Long shifts = Higher levels of burnout
- 9May 18, '13 by brian AdminYou may experience burnout sometime in your career. Recognizing the symptoms of burnout is the key to recovering. Please share any experience, tips, or articles on how you prevent and treat burnout.
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- 2May 18, '13 by kathconservWhen you cannot get out of bed to go to work without dragging yourself, it is time to take some time off. Nurses are given vacation time and personal time and need to use it accordingly. If you come home from work and are still thinking about how much you hate where you are working, it is time to submit for a transfer. 12 hour shifts do not contribute more to burnout than 8 hours. It is the workplace that is difficult.Last edit by kathconserv on May 18, '13 : Reason: addendum
- 1May 18, '13 by gamber2313I agree with kathconserv. However, you add the two together (12 hour shift plus the difficult workplace) and it makes for a very bad situation sometimes. If you have the time available, take some time off and re-evaluate the whole picture. Is it time for a transfer? A new facility? Whatever the choice, it will have been made with a clear head and concious.
- 2May 18, '13 by NJnewRNWhat really worked for me was switching to an 8 hour day. It doesn't always work for some people or just their preference level, but it just made more sense for my body. It really helped, but when all is said and done I still have to take breaks for myself. I'm planning a two week vacation at the end of the month.
- 2May 18, '13 by VivaLasViejas Guide12-hour shifts KILLED me, even when I was much younger and more fit than I am now. Inevitably I'd get to a point around 0500 when I almost stopped caring whether the patients lived or died, and that was scary....so I switched to an 8-hour shift and did better, even though I had less time off. Eventually I burned out anyway because it was hospital nursing and that is difficult under the best of circumstances, but at least I wasn't always so exhausted physically.
- 6May 18, '13 by LoveMyBoxer99The long hours can lead to burnout but so can the practice of not leaving it at the clock. I NEVER speak of work once I get home. I don't have "nurse" stuff in my house such as little figures and such. And when my sister ( also an RN ) starts talking work at family dinners I chunk a spoonful of mashed potatoes at her.
Give yourself the gift of being someone more than the excellent nurse you are. Leave it at the clock.
- 2May 18, '13 by ThePrincessBrideI think burned-out occurs the most when the nurse is working more than three twelve-hour shifts. When I start working as an RN, I plan to just do all three back-to-back-to-back, so I can have four days off from "vacation." That, or plan on working two twelves in a row, one day off and then back for the last would work as well. What I think is REALLY not helpful is when you work every other day....then you aren't really getting much of a break.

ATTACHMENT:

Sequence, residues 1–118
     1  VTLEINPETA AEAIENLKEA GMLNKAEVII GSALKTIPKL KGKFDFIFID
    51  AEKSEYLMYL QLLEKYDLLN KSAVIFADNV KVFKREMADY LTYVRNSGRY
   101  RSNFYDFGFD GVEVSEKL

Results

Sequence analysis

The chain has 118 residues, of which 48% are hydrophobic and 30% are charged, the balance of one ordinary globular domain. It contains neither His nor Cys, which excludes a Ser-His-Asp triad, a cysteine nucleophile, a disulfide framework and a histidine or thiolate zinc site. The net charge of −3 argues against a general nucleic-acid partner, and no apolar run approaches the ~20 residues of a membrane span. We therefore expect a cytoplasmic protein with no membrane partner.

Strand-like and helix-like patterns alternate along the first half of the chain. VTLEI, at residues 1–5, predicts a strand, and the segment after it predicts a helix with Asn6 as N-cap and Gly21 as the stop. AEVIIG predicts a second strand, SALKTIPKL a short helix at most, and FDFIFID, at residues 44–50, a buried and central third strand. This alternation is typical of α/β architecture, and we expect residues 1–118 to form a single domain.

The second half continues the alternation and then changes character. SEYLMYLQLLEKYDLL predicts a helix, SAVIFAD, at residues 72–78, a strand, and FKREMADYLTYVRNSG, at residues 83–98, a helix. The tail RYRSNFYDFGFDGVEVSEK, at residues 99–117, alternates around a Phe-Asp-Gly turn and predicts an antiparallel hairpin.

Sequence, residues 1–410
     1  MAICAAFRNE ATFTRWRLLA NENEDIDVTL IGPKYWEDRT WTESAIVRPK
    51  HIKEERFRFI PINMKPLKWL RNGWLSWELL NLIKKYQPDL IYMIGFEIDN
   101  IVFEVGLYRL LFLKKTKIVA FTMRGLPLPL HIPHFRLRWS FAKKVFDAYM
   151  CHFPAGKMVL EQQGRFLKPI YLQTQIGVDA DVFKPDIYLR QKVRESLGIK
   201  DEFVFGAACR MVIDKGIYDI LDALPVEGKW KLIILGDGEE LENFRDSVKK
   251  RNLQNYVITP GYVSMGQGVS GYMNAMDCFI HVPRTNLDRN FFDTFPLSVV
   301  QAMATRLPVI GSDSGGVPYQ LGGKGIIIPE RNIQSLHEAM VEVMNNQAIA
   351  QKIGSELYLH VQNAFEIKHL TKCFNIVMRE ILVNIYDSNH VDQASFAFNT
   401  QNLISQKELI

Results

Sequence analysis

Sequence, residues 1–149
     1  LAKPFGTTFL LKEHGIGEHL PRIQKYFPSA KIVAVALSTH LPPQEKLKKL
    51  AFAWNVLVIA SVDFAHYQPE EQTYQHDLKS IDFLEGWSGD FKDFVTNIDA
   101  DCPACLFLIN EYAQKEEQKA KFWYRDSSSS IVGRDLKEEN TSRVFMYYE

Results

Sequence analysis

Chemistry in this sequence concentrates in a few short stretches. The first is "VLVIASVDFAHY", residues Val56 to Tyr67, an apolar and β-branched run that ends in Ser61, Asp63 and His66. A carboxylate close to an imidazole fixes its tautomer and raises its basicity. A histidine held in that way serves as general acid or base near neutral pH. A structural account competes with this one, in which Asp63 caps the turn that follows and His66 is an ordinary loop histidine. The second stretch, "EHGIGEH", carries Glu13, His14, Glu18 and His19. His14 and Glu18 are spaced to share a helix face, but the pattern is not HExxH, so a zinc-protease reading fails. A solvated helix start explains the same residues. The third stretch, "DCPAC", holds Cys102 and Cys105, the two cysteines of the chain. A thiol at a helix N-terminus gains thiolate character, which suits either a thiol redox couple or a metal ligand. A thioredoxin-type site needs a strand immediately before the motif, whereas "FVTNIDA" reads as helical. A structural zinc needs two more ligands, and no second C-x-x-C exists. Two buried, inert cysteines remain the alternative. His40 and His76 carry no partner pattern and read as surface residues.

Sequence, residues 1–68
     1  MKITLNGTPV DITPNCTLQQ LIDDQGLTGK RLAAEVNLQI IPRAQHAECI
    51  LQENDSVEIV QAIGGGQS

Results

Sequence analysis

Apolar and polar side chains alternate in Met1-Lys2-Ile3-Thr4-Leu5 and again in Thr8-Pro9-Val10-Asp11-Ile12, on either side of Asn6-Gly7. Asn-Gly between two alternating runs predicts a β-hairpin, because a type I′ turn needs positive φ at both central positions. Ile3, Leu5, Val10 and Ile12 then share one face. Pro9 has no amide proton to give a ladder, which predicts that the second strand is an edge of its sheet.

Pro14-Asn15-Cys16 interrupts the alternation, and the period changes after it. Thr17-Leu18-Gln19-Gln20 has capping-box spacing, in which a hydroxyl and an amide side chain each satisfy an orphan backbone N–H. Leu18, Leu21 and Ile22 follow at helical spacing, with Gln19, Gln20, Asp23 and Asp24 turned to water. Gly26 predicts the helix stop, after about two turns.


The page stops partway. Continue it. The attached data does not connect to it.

- 10May 18, '13 by RNmyFriendI think nurses burn out not necessarily because of 12 hour shifts, but because of the heavy patient load caused by floors being understaffed. Also, the amount of charting and rounding and "service" tasks nurses have to perform because of the new medicare rules (writing names, dates, goals and such on each patient's whiteboard, filling out rounding sheets, giving report in each patient's room, etc) that are added onto an already full day (assessing each patient and then charting that assessment, passing out meds, performing dressing changes and other treatments, calling Drs for patients who have changes in their conditions, getting new orders from Drs and performing them, admitting or discharging patients, starting IVs, ect) causes nurse frustration and burnout. I don't know why hospitals don't lobby congress to change the medicare rules so that nurses can begin to practice nursing instead of feeling like they should have gotten a hotel/motel management degree instead of a nursing degree. I think if medical facilities started listening to nurses and caring about their employees we would not see as much nurse burnout.
- 4May 18, '13 by PMFB-RNQuote from kathconserv*** The sad fact is that for many, many nurses paid time off only exsists on paper. At both of my last hospital jobs I NEVER got a vacation cause we were alwasy getting LC'ed whenever they didn't need us. Either that or they were calling every day on your day off to come in and work OT.When you cannot get out of bed to go to work without dragging yourself, it is time to take some time off. Nurses are given vacation time and personal time and need to use it accordingly.
I alwasy had to use my PTO to keep my paycheck the same. Now my hours are guarenteed and I can actually use my vacation time.